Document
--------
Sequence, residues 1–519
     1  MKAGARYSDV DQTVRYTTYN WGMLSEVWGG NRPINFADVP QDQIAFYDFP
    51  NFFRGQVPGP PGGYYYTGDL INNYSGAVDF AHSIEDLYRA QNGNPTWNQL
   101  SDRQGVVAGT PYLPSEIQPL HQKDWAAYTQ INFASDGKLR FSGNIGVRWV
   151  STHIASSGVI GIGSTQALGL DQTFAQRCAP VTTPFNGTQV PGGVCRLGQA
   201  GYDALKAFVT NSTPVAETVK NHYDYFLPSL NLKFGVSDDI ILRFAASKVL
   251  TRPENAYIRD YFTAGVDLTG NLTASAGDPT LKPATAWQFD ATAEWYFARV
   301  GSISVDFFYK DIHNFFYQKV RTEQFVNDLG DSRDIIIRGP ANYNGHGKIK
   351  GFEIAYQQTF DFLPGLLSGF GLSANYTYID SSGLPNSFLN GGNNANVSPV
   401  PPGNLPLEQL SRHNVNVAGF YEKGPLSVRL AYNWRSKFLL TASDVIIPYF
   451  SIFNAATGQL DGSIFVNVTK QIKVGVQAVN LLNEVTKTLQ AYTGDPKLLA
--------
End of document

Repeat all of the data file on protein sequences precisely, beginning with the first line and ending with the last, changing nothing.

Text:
Sequence, residues 1–519
     1  MKAGARYSDV DQTVRYTTYN WGMLSEVWGG NRPINFADVP QDQIAFYDFP
    51  NFFRGQVPGP PGGYYYTGDL INNYSGAVDF AHSIEDLYRA QNGNPTWNQL
   101  SDRQGVVAGT PYLPSEIQPL HQKDWAAYTQ INFASDGKLR FSGNIGVRWV
   151  STHIASSGVI GIGSTQALGL DQTFAQRCAP VTTPFNGTQV PGGVCRLGQA
   201  GYDALKAFVT NSTPVAETVK NHYDYFLPSL NLKFGVSDDI ILRFAASKVL
   251  TRPENAYIRD YFTAGVDLTG NLTASAGDPT LKPATAWQFD ATAEWYFARV
   301  GSISVDFFYK DIHNFFYQKV RTEQFVNDLG DSRDIIIRGP ANYNGHGKIK
   351  GFEIAYQQTF DFLPGLLSGF GLSANYTYID SSGLPNSFLN GGNNANVSPV
   401  PPGNLPLEQL SRHNVNVAGF YEKGPLSVRL AYNWRSKFLL TASDVIIPYF
   451  SIFNAATGQL DGSIFVNVTK QIKVGVQAVN LLNEVTKTLQ AYTGDPKLLA